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This information is general and should not be a substitute for legal advice. The Legal Services Commission provides free advice for most legal problems. Contact the Legal Helpline on 1300 366 424 www.lsc.sa.gov.au www.lawhandbook.sa.gov.au
A de facto relationship recognised by law is one where two adults live together as a couple. It is not enough just to live in the same house, or even to sleep in the same bed. To have a recognised relationship you must both intend to live together as a couple.
In some situations, there is no set time limit that you must live with someone as a couple before your de facto relationship is recognised. In other situations, partners may not be entitled to certain rights unless their relationship is registered or they have lived together for a minimum of amount of time or have a child together.
When a relationship is recognised under South Australian law, the relationship is called a 'domestic partnership'. Under Commonwealth law, the relationship is called a 'de facto relationship'.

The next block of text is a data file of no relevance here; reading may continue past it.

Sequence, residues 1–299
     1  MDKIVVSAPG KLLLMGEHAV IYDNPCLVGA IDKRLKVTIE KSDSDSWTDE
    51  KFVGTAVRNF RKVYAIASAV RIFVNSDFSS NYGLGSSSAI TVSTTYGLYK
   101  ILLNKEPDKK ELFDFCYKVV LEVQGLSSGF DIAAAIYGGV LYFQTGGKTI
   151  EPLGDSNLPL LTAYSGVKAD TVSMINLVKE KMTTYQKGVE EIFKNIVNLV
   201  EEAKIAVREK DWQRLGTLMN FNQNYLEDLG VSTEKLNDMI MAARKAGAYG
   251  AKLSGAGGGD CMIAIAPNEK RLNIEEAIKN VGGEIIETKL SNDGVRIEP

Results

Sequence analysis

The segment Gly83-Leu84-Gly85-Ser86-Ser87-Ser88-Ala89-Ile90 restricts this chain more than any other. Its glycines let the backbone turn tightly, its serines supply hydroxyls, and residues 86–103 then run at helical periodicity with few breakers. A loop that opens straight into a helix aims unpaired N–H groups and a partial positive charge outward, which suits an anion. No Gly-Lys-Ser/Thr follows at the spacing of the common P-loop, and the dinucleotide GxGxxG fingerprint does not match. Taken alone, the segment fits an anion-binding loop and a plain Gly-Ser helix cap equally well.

For some legal purposes, if the relationship is not registered, a formal declaration from a court is required before the relationship can be recognised. However, for most legal purposes, partners do not have to take any formal step to have the relationship recognised. Once the relevant amount of time for living together is met, the relationship is recognised automatically. If there is doubt about whether a relationship can be recognised, a court can be asked to make a declaration on this.